Prime Minister Davis expressed support for Saudi Arabia hosting World Expo 2030 and discussed a potential diplomatic visa waiver agreement.”
Together, we aim for improved diplomatic relations and exciting opportunities ahead!
Minister Moxey congratulates Defence Force Ranger graduating class, Grand Bahama
#TheBahamas, May 30, 2023 – It was a proud moment for parents of more than fifty boys and girls, who had gathered, along with the Minister for Grand Bahama, Hon. Ginger Moxey for their graduation from the Royal Bahamas Defence Force Rangers program, to officially become Defence Force Cadets.
“On behalf of the Government of the Commonwealth of the Bahamas and on behalf of the Minister of National Security, Minister Wayne Munroe and all of the members of the Royal Bahamas Defence Force, we salute you, we are proud of you, we encourage you and we want you to continue this journey,” Minister Moxey told the new recruits during the ceremony on Saturday, May 13, 2023, at Workers House in Freeport.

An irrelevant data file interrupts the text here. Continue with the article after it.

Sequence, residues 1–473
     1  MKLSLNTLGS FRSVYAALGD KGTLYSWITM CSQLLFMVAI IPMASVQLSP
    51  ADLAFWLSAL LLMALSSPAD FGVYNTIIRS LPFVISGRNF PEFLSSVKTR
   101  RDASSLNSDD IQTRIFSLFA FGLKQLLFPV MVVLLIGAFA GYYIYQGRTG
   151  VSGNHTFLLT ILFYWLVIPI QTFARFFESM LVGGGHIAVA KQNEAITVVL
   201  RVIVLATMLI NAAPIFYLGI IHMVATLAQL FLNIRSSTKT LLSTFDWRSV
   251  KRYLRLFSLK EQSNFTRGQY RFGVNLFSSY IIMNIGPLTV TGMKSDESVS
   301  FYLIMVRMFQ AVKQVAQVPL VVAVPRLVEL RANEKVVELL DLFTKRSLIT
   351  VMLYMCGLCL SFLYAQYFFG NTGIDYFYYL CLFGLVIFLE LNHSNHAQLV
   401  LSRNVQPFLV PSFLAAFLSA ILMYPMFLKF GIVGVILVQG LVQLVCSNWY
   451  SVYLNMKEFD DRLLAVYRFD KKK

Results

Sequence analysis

“You offer so much to this country, and you are the future of this country. We are cheering for you.”
The event culminated weeks and months of training for the new recruits, encompassing leadership skills, character building exercises, physical training, drills and discipline.
The Grand Bahama Minister said that she was excited, happy an proud to be filling in for National Security Minister, Wayne Munroe, to witness the advancement to a new level of training for the young recruits.
Sharing a brief history of the program, which has existed for almost three decades, Minister Moxey noted that since 1995, the Royal Bahamas Defence Force Ranger Program has had a rich legacy of transforming the lives of Ranger cadets, by empowering them through leadership training, military discipline and civic, community, cultural, spiritual and sporting activities.